Healthcare-associated infections (HAIs) are one of the most common patient complications, affecting 7% of patients in developed countries each year. The rise of antimicrobial resistant (AMR) bacteria has been identified as one of the biggest global health challenges, resulting in an estimated 23,000 deaths in the US annually. Environmental reservoirs for AMR bacteria such as bed rails, light switches and doorknobs have been identified in the past and addressed with infection prevention guidelines. However, water and water-related devices are often overlooked as potential sources of HAI outbreaks. This systematic review examines the role of water and water-related devices in the transmission of AMR bacteria responsible for HAIs, discussing common waterborne devices, pathogens, and surveillance strategies. AMR strains of previously described waterborne pathogens including Pseudomonas aeruginosa, Mycobacterium spp., and Legionella spp. were commonly isolated. However, methicillin-resistant Staphylococcus aureus and carbapenem-resistant Enterobacteriaceae that are not typically associated with water were also isolated. Biofilms were identified as a hot spot for the dissemination of genes responsible for survival functions. A limitation identified was a lack of consistency between environmental screening scope, isolation methodology, and antimicrobial resistance characterization. Broad universal environmental surveillance guidelines must be developed and adopted to monitor AMR pathogens, allowing prediction of future threats before waterborne infection outbreaks occur.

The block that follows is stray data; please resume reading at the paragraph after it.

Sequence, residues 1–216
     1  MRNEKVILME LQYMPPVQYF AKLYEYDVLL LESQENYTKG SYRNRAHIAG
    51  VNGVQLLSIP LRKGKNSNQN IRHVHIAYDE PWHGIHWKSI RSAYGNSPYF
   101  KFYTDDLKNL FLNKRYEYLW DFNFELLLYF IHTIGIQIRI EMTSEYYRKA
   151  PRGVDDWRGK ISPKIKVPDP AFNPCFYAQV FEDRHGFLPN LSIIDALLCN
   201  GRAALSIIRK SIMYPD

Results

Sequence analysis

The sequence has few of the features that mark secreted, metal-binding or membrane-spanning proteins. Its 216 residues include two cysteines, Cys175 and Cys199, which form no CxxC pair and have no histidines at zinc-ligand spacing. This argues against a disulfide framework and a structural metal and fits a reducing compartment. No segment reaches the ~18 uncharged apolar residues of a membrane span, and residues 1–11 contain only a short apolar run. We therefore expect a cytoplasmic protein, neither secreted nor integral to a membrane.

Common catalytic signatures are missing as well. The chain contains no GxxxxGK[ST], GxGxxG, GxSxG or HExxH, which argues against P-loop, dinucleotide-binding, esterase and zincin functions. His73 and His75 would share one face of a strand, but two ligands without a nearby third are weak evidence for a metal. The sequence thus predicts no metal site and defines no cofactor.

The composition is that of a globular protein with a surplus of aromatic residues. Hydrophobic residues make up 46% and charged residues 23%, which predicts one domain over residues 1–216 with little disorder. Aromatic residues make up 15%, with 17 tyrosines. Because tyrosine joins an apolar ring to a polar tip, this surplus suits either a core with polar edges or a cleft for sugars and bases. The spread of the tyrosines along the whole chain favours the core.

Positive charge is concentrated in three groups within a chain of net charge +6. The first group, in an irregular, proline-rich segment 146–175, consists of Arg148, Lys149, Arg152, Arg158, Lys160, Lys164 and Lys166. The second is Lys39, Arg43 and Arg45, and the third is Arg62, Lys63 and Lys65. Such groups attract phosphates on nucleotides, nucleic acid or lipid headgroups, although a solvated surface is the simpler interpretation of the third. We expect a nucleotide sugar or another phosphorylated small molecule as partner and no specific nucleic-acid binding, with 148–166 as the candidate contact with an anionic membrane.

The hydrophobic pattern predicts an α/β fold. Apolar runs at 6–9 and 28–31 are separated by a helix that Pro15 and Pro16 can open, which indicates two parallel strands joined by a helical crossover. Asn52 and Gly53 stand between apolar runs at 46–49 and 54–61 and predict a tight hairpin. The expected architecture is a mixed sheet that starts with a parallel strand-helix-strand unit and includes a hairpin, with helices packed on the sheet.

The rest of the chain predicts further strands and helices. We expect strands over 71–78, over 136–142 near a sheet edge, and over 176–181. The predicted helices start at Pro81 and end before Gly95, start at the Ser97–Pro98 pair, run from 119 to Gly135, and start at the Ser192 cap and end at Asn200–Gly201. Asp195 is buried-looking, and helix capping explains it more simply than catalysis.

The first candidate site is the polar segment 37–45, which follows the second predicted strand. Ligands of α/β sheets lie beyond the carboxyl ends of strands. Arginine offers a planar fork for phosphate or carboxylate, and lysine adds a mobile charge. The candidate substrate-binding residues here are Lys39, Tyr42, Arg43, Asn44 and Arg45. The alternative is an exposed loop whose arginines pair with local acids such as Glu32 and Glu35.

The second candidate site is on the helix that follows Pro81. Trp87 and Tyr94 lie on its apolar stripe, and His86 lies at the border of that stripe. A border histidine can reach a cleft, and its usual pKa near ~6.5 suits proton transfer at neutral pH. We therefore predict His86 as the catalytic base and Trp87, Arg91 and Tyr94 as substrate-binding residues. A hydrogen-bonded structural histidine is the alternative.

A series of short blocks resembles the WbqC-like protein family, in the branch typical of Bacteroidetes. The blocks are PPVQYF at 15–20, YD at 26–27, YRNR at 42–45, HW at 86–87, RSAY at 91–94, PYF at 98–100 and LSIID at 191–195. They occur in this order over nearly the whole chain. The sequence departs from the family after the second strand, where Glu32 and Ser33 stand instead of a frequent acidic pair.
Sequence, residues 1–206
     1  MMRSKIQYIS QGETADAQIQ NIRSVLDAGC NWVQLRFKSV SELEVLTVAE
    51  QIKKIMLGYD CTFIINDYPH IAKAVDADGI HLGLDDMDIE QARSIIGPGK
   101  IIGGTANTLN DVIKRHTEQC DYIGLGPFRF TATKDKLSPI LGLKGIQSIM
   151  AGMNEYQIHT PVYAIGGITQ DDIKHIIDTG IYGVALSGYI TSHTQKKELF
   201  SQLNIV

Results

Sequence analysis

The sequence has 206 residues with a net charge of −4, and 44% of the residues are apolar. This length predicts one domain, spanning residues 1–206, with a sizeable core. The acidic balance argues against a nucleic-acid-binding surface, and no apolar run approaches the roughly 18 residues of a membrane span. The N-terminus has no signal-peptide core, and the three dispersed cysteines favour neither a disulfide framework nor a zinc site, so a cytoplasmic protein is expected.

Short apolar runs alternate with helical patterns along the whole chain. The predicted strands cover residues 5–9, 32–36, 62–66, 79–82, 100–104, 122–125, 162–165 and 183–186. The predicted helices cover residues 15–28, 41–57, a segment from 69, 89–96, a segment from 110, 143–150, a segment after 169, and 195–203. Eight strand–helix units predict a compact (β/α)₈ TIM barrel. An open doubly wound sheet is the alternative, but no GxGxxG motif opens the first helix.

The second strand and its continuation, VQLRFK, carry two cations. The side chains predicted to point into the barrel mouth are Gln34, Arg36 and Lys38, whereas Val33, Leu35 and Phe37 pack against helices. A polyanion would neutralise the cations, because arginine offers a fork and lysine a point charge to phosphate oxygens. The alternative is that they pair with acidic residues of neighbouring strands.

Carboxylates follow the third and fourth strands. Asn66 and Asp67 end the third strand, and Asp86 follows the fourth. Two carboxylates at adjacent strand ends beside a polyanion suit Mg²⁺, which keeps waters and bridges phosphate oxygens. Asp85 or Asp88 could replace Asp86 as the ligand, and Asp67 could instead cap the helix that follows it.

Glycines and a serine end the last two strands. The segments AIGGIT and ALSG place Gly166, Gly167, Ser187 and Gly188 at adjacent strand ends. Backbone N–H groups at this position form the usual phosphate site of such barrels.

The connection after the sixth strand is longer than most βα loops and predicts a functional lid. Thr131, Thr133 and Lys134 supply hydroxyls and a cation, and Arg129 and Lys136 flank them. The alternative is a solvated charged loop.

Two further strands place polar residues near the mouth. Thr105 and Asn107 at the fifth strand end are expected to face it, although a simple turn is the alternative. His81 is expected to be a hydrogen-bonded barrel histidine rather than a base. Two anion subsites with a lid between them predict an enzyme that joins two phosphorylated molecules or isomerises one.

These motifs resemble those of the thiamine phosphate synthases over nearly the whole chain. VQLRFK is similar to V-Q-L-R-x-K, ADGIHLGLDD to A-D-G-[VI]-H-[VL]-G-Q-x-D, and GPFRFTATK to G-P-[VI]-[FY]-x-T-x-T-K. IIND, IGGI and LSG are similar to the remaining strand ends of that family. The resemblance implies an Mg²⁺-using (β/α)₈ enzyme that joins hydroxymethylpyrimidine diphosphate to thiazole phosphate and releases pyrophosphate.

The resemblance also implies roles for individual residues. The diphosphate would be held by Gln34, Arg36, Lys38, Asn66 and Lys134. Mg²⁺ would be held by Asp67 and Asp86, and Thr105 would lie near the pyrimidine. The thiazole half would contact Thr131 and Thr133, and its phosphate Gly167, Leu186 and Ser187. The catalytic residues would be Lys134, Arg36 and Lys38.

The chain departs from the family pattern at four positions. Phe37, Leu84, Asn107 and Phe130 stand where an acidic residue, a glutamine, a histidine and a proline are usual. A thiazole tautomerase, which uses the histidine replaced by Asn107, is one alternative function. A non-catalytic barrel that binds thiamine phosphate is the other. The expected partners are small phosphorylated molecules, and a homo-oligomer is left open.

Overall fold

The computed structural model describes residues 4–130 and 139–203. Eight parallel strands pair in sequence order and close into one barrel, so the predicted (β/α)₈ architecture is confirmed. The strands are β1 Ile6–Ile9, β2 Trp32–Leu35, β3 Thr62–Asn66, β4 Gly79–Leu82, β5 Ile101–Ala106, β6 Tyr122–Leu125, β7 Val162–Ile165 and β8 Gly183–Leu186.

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- Antibiotic resistance
- Antimicrobial resistance
- Healthcare associated infection
- Waterborne outbreak